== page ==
Malliagh "really hate[d] when albums have like four tracks that essentially say the same thing."[7] With Neō Wax Bloom, he took the "challenge" of making club tracks with as little repetition as possible,[6] wanting the tracks to each have a different mood and "purpose":[7] "I set out to never copy/paste a single bar so all the songs would work as these constantly evolving pieces rather than beats."[6] Mallagh also stated that it was "way harder than it sounded when I realized I had to figure out totally unique substrates for more tracks than I’d ever released."[7]

Neō Wax Bloom is similar to most Brainfeeder records in that it "dismantle[s] any notion of genre before putting the pieces back together in [its] own unique way," stated Paul Carr of PopMatters.[6] As Mallagh described the album's style, "it's a big ass amalgamation of the random stuff I listen to in a way. I’d be going to sleep to Balinese music, waking up to Steve Reich or some shit and then going running to loud ass footwork and bass music and old IDM. I think my brain just chewed it all up and spat it out."[7] Mallagh always felt "too exhausted" after working for a very long time on a track, so he couldn't handle listening to new electronic dance music.[6] Instead, he'd listen to calmer types of music such as new age, math rock, choral music, traditional world music, and Japanese ambient music from the 1980s, which all served as influences for Mallagh making Neō Wax Bloom.[6] He particularly noticed the use of synthesizers to replicate acoustic instruments in the Japanese records.[6] Mallagh also listened to Baauer's album Aa (2016) as well as the works of Cashmere Cat as references.[7] Other genres the album touches on include trap,[14][15] J-pop,[16] dancehall,[16] dubstep,[15] wonky,[3] hip-hop,[17] future garage,[3] grime,[18][15] and the PC Music-defined style of bubblegum bass.[3]

Release and promotion[edit]

Neō Wax Bloom was promoted by the release of the singles "Bug Thief" (8 August 2017),[16] "White Gum," (11 September),[19] and "Sōlar Blade" (21 September).[20] "Sōlar Blade" also had a 3D music video that was directed by Mushbuh and premiered on 23 September 2017 via Adult Swim.[20] Brainfeeder issued Neō Wax Bloom on 29 September 2017.[16] Vinyl releases of the LP come with a 12-page comic strip as well as stickers of the characters in the album's story.[16] Selling 1,000 copies in its first week of release, Neō Wax Bloom debuted at number nine on Billboard's United States Dance/Electronic Album Sales chart.[21]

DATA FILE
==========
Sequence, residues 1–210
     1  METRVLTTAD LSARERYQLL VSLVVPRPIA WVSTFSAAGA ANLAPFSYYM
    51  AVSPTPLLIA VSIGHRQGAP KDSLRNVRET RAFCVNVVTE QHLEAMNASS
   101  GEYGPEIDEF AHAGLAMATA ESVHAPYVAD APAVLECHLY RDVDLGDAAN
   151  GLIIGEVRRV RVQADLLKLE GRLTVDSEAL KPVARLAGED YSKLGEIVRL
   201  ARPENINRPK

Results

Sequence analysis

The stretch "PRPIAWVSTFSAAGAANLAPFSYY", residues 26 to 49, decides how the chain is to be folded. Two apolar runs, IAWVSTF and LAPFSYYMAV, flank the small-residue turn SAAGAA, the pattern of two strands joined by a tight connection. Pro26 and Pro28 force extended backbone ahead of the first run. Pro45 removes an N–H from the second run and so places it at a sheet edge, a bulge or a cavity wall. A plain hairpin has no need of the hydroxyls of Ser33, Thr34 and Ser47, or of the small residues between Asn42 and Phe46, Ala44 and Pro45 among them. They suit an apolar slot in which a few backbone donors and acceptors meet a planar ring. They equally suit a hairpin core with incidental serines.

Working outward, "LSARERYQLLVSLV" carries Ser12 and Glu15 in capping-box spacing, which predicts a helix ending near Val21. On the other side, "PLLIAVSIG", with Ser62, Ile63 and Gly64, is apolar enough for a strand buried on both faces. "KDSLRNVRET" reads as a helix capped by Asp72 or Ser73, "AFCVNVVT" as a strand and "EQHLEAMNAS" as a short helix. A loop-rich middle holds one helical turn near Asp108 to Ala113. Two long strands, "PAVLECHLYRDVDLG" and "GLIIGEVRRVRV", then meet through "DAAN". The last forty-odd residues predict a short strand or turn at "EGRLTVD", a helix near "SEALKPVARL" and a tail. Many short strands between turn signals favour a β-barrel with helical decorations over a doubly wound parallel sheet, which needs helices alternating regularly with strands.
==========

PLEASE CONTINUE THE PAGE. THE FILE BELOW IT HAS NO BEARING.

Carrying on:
Critical reception[edit]

Professional ratings
Aggregate scores
Review scores
AllMusic4/5 stars[14]
Loud and Quiet9/10[5]
PopMatters9/10 stars[3]
Spectrum Culture3.75/5 stars[26]

At Metacritic, which assigns a weighted mean rating out of 100 to reviews from mainstream publications, Neō Wax Bloom received a score of 83, based on 6 reviews, indicating "universal acclaim".[23]

London in Stereo honored Neō Wax Bloom as "a record of rare originality and dizzying immersion."[8] An AllMusic journalist claimed that "if you're up for a highly creative, exhilarating sugar rush, Neō Wax Bloom will undoubtedly be one of the most joyous surprises of the year."[14] A Noah Harrison, calling Iglooghost "one of today's most inventive producers," labeled the album as "nothing short of sonic onslaught… in the best way possible."[3] Gigsoup praised the LP's "unpredictable, complex and rewarding" production, particularly on the song "Solar Blade," and its originality in terms of sounds and melodies.[18] Brett Peters claimed that with the album, "Malliagh presents himself as a highly capable producer, finding both innovation and a unique lane for his music in one of the most saturated modern genres."[27] Clash magazine stated it "begs for multiple listens and, once you’ve digested every morsel, you’ll be wanting to visit Mamu more often,"[24] and Exclaim! described it as a "fantastical cartoon that's crash-landed in reality, and it begs your attention."[25]

Some critics highlighted how clear and cohesive Mallagh made the LP's otherwise frantic compositions and production.[15][5][25] A Nest HQ reviewer was one of them, claiming, "Iglooghost executes with a technical precision that which would make any music theory nerd foam at the mouth, while still remaining accessible to less pretentious ears moving across a club floor."[15] He favorably labeled Iglooghost as a "fresh voice, challenging our preconceived notions on what constitutes club-ready dance music and exploring the boundaries between the cerebral and the visceral."[15] Loud and Quiet's Stephen Butchard jokingly honored it as "an epic ode to short-attention spans that will make you glad it fried your brain with information and desensitised you to bright lights."[5] He praised the album's "otherworldly quality" and its lack of repetition that gives it a tingly "human element."[5] However, some reviewers felt the album was too tiresome to listen to due to its chaotic and overstuffed structure.[26][17]

Year-end list rankings[edit]

Publication Rank
AllMusic (Electronic)[28] *
Exclaim! (Dance and Electronic)[29] 7
Loud and Quiet[30] 26
Nest HQ[31] 37
Mixmag[32] 37
PopMatters[33] 15